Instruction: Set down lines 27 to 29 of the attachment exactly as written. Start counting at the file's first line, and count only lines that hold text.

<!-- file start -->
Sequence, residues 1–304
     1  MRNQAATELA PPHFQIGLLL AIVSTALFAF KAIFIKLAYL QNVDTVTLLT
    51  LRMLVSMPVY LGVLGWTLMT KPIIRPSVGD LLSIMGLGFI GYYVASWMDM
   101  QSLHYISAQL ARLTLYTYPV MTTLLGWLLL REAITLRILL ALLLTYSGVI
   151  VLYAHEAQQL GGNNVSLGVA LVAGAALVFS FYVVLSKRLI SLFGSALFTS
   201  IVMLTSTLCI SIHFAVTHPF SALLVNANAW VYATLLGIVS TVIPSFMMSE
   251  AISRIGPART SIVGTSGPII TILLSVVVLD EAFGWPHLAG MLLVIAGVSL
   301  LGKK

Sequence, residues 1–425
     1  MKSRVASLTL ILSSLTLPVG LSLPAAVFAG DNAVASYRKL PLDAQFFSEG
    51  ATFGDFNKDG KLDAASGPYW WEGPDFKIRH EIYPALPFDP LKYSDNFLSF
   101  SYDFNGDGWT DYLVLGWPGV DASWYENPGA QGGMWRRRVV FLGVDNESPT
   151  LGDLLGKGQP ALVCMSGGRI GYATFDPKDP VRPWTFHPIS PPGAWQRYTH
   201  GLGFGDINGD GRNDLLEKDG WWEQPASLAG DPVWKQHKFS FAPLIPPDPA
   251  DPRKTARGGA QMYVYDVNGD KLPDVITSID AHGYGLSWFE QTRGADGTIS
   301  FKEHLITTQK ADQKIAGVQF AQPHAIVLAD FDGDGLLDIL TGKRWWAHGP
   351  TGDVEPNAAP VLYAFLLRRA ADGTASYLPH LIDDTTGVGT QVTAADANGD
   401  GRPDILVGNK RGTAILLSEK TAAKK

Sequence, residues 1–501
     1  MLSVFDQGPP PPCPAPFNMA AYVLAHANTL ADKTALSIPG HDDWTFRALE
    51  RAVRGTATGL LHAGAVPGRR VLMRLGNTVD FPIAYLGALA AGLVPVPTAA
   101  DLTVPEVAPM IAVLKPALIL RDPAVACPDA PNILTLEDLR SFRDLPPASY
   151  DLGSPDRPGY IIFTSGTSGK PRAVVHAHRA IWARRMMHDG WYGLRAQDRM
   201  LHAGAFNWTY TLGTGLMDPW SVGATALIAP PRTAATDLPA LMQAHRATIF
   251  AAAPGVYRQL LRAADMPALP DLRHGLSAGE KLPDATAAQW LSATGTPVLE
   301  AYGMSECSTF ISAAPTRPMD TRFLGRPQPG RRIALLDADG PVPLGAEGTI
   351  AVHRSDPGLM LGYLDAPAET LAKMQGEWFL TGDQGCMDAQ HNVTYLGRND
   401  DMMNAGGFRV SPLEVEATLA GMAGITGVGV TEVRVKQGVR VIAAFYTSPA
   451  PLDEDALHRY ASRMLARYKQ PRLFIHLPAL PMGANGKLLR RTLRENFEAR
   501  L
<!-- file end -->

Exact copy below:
   351  AVHRSDPGLM LGYLDAPAET LAKMQGEWFL TGDQGCMDAQ HNVTYLGRND
   401  DMMNAGGFRV SPLEVEATLA GMAGITGVGV TEVRVKQGVR VIAAFYTSPA
   451  PLDEDALHRY ASRMLARYKQ PRLFIHLPAL PMGANGKLLR RTLRENFEAR